Muzzled by the media

Muzzled by the media

Cardinal George Pell © Robert Duncan (KNA)

Australian Curia Cardinal George Pell has been on leave as Vatican finance chief since June 2017. Criminal trial begins against him in Melbourne, on two counts of sexual assault. He is currently not allowed to leave Australia.

The main trial of Curia Cardinal George Pell over two sexual assault cases begins this Monday in Melbourne. The 77-year-old Vatican finance chief is the highest-ranking church official to date to stand trial in a secular court over abuse allegations. Media banned from reporting due to Australian legal situation.

Charges are also unknown

This ban includes reports of the ban itself. "The publication ban applies to all states and territories in Australia and to all websites or other electronic (media) or broadcast formats accessible in Australia," the prosecution's motion to protect the judge and jury from interference by the public said. The ban will remain in effect until the end of the trial, including a possible appeal hearing.

The charges are also officially unknown. But it is an open secret in Australia that two cases are at stake: in the 1970s, while a priest in Ballarat, Pell allegedly sexually molested several teenage males in a swimming pool. The second case involves allegations that Pell, as archbishop in the 1990s, forced choirboys to perform oral sex in the vestry of Melbourne Cathedral.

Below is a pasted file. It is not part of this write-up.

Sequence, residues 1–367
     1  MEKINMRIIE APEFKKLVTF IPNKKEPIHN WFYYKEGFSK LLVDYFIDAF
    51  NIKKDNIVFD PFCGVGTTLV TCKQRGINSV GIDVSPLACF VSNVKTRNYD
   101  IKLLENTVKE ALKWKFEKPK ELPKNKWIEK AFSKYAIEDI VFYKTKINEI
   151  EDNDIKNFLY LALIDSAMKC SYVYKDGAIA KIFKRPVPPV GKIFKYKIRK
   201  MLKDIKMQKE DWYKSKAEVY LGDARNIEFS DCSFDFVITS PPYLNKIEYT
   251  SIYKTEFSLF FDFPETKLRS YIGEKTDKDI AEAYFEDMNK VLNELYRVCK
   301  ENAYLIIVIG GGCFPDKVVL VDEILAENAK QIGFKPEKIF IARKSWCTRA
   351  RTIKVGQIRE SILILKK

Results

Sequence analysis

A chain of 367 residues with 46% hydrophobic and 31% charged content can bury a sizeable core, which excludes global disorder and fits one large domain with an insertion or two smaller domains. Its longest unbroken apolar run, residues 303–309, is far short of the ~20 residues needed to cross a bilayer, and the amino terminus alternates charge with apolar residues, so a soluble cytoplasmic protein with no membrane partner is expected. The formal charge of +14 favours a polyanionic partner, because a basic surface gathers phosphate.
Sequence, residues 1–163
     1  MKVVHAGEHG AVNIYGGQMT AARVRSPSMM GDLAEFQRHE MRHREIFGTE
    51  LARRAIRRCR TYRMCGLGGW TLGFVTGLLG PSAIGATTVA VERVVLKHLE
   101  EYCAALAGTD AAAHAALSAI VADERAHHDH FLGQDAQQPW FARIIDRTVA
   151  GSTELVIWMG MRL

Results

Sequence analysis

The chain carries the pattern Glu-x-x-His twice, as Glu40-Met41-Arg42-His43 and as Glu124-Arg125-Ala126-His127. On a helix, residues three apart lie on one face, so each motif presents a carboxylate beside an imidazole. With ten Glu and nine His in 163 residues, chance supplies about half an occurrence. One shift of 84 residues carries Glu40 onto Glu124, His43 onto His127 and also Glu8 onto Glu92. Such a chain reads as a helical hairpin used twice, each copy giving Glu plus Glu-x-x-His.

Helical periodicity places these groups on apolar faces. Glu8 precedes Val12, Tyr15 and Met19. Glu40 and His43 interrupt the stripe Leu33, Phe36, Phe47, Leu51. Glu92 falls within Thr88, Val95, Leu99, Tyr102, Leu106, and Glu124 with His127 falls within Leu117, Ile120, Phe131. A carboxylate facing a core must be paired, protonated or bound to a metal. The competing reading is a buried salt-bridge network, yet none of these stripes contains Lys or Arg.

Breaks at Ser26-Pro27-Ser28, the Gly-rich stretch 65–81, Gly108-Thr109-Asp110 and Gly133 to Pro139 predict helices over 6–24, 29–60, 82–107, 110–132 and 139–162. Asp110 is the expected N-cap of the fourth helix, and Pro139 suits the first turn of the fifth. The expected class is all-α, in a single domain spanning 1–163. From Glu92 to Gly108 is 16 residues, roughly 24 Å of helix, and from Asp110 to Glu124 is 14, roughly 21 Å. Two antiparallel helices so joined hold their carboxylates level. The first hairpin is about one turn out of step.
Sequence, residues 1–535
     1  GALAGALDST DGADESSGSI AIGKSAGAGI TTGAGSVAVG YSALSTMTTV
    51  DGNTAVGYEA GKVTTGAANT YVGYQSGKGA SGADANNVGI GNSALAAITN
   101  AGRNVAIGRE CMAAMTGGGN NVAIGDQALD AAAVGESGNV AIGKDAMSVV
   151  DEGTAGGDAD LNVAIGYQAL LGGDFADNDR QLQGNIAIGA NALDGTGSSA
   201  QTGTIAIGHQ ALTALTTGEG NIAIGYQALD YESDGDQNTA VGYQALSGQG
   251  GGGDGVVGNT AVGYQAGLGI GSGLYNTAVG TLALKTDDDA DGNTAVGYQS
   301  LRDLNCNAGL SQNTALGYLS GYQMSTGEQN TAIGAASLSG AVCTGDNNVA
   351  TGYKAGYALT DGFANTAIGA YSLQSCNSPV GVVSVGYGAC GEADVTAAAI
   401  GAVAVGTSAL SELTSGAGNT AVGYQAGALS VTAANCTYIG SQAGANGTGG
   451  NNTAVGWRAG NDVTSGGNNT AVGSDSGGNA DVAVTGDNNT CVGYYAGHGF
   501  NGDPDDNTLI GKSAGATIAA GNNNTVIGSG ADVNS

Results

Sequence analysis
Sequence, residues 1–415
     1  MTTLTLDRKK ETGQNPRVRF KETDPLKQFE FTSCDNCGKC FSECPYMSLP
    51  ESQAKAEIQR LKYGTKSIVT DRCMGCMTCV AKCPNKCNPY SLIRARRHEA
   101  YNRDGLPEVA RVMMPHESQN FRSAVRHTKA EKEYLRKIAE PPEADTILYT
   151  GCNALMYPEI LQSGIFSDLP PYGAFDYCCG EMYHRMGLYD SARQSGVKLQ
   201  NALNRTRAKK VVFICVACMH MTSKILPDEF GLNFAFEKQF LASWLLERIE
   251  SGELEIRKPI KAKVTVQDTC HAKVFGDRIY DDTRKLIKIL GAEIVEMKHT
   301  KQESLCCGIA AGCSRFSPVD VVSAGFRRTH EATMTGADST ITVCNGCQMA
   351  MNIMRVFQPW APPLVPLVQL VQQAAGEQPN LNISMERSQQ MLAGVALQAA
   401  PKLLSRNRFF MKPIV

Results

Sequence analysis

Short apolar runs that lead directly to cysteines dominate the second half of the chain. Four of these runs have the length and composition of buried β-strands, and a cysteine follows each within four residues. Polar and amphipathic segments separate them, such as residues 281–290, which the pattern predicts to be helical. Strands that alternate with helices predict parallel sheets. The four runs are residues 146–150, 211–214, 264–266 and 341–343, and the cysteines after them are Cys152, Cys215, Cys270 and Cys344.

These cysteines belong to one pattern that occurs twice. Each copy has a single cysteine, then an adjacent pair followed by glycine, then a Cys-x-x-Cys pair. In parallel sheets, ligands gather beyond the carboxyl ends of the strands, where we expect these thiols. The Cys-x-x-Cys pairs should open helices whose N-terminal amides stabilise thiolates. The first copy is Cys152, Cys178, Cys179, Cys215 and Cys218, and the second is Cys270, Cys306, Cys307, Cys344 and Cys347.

Pell vigorously denies the charges

"Not guilty," he declared at a hearing in April. Pell has been granted a leave of absence by Pope Francis for the duration of the trial. The two charges will be heard separately. According to reports, the proceedings now beginning will first deal with the cathedral case.

Media experts critical of legal ban on media coverage of criminal trials. According to a study by Jason Bosland of the Centre for Media and Communications Law at the University of Melbourne, the suppression of reporting is handled excessively by the courts there.

Central role in Australian abuse scandal

As Archbishop of Melbourne, he set first standards for clearing up and dealing with abuse cases. But as a priest in Ballarat, Pell himself is alleged to have been involved in covering up abuse cases, according to findings of the state abuse commission.

Before trial began, cardinal publicly demonstrated composure. In mid-July, he was in good spirits in Sydney attending the engagement party of the daughter of Sydney Archdiocese Chancellor Chris Meney, the Sydney Morning Herald newspaper reported.

Leave a Reply

Your email address will not be published.